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MANILA, Philippines – Senate Minority Leader Aquilino “Koko” Pimentel III expressed “deep concern” over the Marcos administration’s multibillion-peso confidential and intelligence funds (CIF) in its proposed 2024 national government budget.
In a statement on Saturday, August 5, Pimentel questioned the government’s understanding of the plight and commitment to serve ordinary Filipinos in allocating an increase in confidential and intelligence funds in the proposed P5.768-trillion budget for 2024.
“The allocation of P9.2 billion to confidential and intelligence funds while our fellow Filipinos in calamity-stricken areas suffer raises serious questions about the government’s understanding of the real needs and challenges faced by our country,” Pimentel said.
Budget Secretary Amenah Pangandaman told reporters the proposed CIF for next year was P9.2 billion, although when the documents were uploaded on the DBM website, the proposed CIF was revealed to be P10.14 billion.
The budget department turned over the proposed National Expenditure Program, which would become the basis of the 2024 General Appropriations Act, to the House of Representatives on August 2.
President Ferdinand Marcos Jr.’s office may receive nearly half or at P4.56 billion of the proposed CIF. Meanwhile, Vice President Sara Duterte requested P500 million for the Office of the Vice President, and P150 million for the Department of Education (DepEd), of which she is secretary.
Marcos also wants P50 million in confidential funds for the Department of Agriculture, which he leads in a concurrent capacity . The DA does not have confidential funds for 2023.
“This budgetary decision is a huge mistake,” Pimentel said, adding that it affirmed what he said in a reaction speech to the President’s second State of the Nation Address – that the administration failed to understand Filipinos’ struggles at the household level.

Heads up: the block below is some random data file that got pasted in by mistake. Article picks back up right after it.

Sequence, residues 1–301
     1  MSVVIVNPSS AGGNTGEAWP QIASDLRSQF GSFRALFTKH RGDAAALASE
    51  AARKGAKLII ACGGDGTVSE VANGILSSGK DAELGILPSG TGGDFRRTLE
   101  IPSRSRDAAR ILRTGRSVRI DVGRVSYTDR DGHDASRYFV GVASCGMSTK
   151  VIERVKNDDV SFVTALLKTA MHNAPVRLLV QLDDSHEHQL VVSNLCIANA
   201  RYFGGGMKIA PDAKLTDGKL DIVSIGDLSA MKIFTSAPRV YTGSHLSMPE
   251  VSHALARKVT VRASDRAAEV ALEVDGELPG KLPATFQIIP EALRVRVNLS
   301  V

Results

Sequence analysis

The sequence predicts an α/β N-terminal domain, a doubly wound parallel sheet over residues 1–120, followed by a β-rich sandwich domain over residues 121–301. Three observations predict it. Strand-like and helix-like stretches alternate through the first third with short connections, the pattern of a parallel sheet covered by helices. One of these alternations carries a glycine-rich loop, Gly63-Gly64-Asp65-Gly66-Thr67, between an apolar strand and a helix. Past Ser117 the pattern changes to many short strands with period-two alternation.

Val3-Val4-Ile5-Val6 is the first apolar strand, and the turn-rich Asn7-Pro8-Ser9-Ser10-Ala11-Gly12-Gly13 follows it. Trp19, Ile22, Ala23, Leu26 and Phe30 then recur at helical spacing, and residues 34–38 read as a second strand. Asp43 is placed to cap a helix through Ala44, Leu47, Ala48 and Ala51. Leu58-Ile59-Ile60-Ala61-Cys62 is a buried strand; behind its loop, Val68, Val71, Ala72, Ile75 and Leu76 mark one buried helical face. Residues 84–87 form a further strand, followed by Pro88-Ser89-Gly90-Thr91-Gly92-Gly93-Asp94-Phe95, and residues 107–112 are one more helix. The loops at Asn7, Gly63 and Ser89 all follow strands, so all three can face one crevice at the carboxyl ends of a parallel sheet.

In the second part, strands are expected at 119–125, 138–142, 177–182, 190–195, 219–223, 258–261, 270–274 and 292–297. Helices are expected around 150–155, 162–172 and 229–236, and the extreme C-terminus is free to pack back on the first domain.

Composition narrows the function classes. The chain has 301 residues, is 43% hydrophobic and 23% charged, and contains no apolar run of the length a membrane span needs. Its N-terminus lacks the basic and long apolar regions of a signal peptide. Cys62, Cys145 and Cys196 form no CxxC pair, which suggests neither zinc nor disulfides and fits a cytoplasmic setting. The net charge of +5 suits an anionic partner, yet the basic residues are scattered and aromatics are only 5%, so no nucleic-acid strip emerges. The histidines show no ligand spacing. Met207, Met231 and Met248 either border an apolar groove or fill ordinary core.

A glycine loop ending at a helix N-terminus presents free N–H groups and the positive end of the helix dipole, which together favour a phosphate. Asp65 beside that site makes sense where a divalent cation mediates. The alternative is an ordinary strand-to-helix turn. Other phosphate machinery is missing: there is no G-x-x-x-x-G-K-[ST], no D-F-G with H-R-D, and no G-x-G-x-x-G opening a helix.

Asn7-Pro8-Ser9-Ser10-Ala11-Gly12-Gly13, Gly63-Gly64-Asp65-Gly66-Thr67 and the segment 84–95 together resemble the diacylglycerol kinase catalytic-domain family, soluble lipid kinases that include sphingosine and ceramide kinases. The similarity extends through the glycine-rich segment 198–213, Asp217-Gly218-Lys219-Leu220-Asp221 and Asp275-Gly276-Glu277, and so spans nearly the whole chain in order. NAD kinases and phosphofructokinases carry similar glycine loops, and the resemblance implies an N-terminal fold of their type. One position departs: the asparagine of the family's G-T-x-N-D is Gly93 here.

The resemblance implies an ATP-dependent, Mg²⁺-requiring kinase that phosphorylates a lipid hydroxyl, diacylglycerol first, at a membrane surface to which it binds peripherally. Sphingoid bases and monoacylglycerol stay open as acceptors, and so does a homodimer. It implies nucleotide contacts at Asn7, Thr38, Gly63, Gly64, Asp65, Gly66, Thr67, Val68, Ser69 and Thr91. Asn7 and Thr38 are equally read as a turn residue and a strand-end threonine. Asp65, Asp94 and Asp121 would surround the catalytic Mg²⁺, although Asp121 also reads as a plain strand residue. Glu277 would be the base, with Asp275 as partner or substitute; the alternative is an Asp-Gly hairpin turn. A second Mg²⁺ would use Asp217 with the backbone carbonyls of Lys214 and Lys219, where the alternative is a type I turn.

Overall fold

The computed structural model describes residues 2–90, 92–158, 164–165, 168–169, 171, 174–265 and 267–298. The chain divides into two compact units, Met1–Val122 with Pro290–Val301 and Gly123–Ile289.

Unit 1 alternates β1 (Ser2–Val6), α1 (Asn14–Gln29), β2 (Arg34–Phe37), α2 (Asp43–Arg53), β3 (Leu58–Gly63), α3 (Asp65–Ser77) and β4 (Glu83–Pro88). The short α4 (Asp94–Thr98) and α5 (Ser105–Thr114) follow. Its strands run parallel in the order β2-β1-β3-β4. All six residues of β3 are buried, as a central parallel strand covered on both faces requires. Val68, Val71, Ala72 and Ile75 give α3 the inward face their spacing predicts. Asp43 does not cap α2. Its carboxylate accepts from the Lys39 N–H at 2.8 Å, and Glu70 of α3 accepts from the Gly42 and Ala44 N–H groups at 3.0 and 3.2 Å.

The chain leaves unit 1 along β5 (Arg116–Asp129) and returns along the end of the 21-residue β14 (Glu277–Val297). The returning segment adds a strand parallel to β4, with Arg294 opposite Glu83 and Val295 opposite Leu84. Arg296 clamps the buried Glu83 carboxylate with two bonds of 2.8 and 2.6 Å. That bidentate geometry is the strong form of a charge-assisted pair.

“It shows the lack of empathy and understanding of the real needs of ordinary Filipinos,” he added.
Pimentel also emphasized how “every peso counts” as the country still reeled from recent typhoons and the possible impact of El Niño, which may cause some parts of the country to experience drought. For Typhoon Egay alone, damage and losses in the country’s agriculture and fisheries sector reached nearly P5 billion, numbers from the DA showed.
The Marcos government nonetheless has hundreds of billions proposed for disaster response and climate change adaptation.
The Department of Public Works and Highways, for instance, asked for P215.643 billion for its Flood Management Program, while the government’s Climate Change Mitigation and Adaptation programs under Climate Change Expenditures Tagging reached a whopping P543.45 billion.
‘Supersized’ feeding programs
Other lawmakers have begun reacting to the proposed 2024 budget as well. Deputy Speaker Ralph Recto pointed to the huge increase in child feeding programs, including the DepEd’s school feeding program which may double from this year’s P5.68 billion to P11.71 billion in 2024.
Meanwhile, if the Department of Social Welfare and Development is granted its proposed P4.1 billion for its supplementary feeding program, then the Marcos administration’s total budget for national child feeding programs will reach P15.8 billion – a P5-billion jump from 2023.
The DepEd’s program is meant for undernourished kindergarten to grade 6 students from indigent families, and are in danger of dropping out. Meanwhile, the DSWD’s program is for undernourished children in day care and other child development centers.
According to Recto, the increase is unprecedented.
“Never has the budget for child feeding been supersized to this big. On this, the government has put its money where its mouth is,” said the Batangas 6th District Representative.
Recto estimated that the P15.8 billion may allow the two agencies to serve about 857 million meals to children.
While the costing may change from the impacts of inflation, Recto said that that this would “not change the fact that the two agencies will have in their hands a big catering operation next year.”
Recto suggested that the two departments could support local farmers and food producers by purchasing their products for the feeding programs.
A 2021 World Bank report found that the Philippines ranked fifth among countries in the East Asia and Pacific region with the highest prevalence of stunting. It is also among the top 10 countries in the world with the highest number of stunted children. – Rappler.com